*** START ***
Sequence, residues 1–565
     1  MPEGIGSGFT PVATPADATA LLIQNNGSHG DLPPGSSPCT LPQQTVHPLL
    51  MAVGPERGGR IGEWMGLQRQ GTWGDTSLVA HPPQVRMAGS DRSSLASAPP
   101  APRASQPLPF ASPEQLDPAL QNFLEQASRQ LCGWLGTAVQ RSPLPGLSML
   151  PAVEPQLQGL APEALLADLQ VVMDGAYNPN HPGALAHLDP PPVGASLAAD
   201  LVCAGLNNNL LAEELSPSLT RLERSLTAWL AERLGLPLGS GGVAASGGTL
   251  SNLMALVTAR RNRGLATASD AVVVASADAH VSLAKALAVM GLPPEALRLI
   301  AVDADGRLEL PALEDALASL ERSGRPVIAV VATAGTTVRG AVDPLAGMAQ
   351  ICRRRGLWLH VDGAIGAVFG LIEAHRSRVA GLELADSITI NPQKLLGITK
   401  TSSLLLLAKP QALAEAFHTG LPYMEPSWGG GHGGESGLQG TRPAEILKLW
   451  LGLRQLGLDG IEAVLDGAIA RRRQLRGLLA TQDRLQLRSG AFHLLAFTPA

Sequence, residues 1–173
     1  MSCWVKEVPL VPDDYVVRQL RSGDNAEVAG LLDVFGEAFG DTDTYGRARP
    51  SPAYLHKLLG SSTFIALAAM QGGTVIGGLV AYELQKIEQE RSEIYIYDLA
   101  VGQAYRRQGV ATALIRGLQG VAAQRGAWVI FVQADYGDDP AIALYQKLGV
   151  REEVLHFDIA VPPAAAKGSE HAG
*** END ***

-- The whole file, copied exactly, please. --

Sequence, residues 1–565
     1  MPEGIGSGFT PVATPADATA LLIQNNGSHG DLPPGSSPCT LPQQTVHPLL
    51  MAVGPERGGR IGEWMGLQRQ GTWGDTSLVA HPPQVRMAGS DRSSLASAPP
   101  APRASQPLPF ASPEQLDPAL QNFLEQASRQ LCGWLGTAVQ RSPLPGLSML
   151  PAVEPQLQGL APEALLADLQ VVMDGAYNPN HPGALAHLDP PPVGASLAAD
   201  LVCAGLNNNL LAEELSPSLT RLERSLTAWL AERLGLPLGS GGVAASGGTL
   251  SNLMALVTAR RNRGLATASD AVVVASADAH VSLAKALAVM GLPPEALRLI
   301  AVDADGRLEL PALEDALASL ERSGRPVIAV VATAGTTVRG AVDPLAGMAQ
   351  ICRRRGLWLH VDGAIGAVFG LIEAHRSRVA GLELADSITI NPQKLLGITK
   401  TSSLLLLAKP QALAEAFHTG LPYMEPSWGG GHGGESGLQG TRPAEILKLW
   451  LGLRQLGLDG IEAVLDGAIA RRRQLRGLLA TQDRLQLRSG AFHLLAFTPA

Sequence, residues 1–173
     1  MSCWVKEVPL VPDDYVVRQL RSGDNAEVAG LLDVFGEAFG DTDTYGRARP
    51  SPAYLHKLLG SSTFIALAAM QGGTVIGGLV AYELQKIEQE RSEIYIYDLA
   101  VGQAYRRQGV ATALIRGLQG VAAQRGAWVI FVQADYGDDP AIALYQKLGV
   151  REEVLHFDIA VPPAAAKGSE HAG